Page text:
It’s a Rich Man (Or Woman’s) World
So you think you might be interested in banking. But how much do you really know about this popular yet often misunderstood sector of finance? Read on to get the lowdown on both investment and retail banking, and to see if it’s really for you. Case Studies by Kate Hilpern
If you are considering banking as a career path, you should think about which area interests you – do you want to go into investment or retail banking? Many graduates are attracted to Investment banking, which covers a variety of financial activities: trading; mergers and acquisitions of companies; corporate finance (helping companies to make money); fund management, including investment advice; and private equity (investing directly in companies). Often what draws graduates to investment banking is the money. After years of low-budget student life, it can be enticing, with some starting salaries at around £35,000. But although you can earn a lot, it is often relative to the time and work you put in. The job can be demanding and can require massive commitment.
So how competitive is it?
Just as an example, eight places at Citi attract about 2,000 CVs – and that is only at the first stage. If your application is accepted, then what follows is multiple interviews with senior members of the company, and assessments of your analysis and presentations skills in front of managing directors.
With such choice, banks can keep a high standard of applicant, as they can choose only the very best from the crop. However, some events are arranged to target minority groups and female applicants, introducing them to the world of investment banking. Around 40 per cent of successful applicants are female, so ignore any stereotypes you may think of when you dream of working in the City.
what kind of person makes a good investment banker?
Often investment bankers describe themselves as bright, motivated and active people, and in such a fast-paced and powerful industry these are all important attributes. In many cases, part of the salary is performance-related, so to earn good money dedication is important. If the job really stimulates you, then you will have the enthusiasm to give it everything you’ve got. But if it’s just the money that is getting you excited, then it would be difficult to succeed in the business. It is not something that can be done by halves.
So what exactly happens in an average day?
Your working day would start at around 6am, when you read the Financial Times and market updates. You would set up meetings early on to discuss the day’s trading, opening opportunities and important updates such as exchange rates. The bulk of the day then depends on your specialist area. For example, trading often involves putting together company profiles and attending presentations. In most roles a lot of time is spent advising clients on decisions, especially corporate finance, where forming relationships with businesses is paramount. In investment management, producing reports and accounts for sales pitches is important. You have to be accommodating; in this business everything is client-based, and if that requires putting in the extra hours there is no question about doing it. Clients will always come first. However, you will usually also get the chance to train and socialise in a more informal setting – many firms offer training "buddy" schemes and non-work-related activities such as societies.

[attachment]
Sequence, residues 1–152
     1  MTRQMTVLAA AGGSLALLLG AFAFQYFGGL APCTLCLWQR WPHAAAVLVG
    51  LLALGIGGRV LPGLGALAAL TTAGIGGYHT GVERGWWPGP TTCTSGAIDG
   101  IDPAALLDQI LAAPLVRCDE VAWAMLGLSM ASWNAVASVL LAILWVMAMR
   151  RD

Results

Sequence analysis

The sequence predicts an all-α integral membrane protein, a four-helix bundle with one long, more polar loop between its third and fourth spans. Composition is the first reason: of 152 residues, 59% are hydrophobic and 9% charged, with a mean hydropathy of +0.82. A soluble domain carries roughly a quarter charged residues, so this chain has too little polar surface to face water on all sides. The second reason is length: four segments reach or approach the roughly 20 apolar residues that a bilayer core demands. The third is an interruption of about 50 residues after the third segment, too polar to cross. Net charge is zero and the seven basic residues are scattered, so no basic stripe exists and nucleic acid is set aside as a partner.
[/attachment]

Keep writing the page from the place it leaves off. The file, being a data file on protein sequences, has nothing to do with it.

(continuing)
What about retail banking?
While investment bankers deal with corporate or commercial customers, retail bankers will typically be based in high street branches, and can work with either corporate or private customers. The roles themselves can be very varied, with graduates often on a fast track to manage a branch. You will often have sales targets to meet and, depending on the role, you will spend a lot of time dealing with members of the public. Annual salaries on the whole will be less than for investment banking, but in return the hours will be much better.
How do I start?
Even if you think you have what it takes, without some previous experience or an internship within the company you may not be able to get a foothold in banking. So careful forward planning is important. Most application deadlines for summer internships are as early as January, and most applicants are penultimate-year and final-year undergraduates, many of whom plan to apply for graduate schemes in the future.
Placements often give in-depth training and the chance to make valuable contacts. The time and money that a bank invests in you as an intern makes you a potential asset to the company – an advantage when you apply for jobs afterwards. Even if you decide not to stay in it, a background in finance helps in many other career paths. Many companies see the skills you acquire in this sector as a positive learning experience.
But if you don’t manage to get an internship don’t be disheartened – they aren’t the only way in. If you have clear evidence of transferable skills and a proactive attitude, the other things you have done will show your potential. Employers often stress that diversity is important and that they are interested in the individual. They will focus on your personal achievements, and skills learnt during your education.
Some key advice for potential candidates is: do your research, regularly read The Economist and the Financial Times, use every opportunity to make and keep contacts, and understand the attitude and commitment expected. Many potential employers will expect you to have researched the kind of role you are interested in, and to focus on that. So prepare for the difficult questions that may come up.
One thing about banking is certain: those who succeed in the field tend to be the ones who put the most into it, and who as a result get the most back.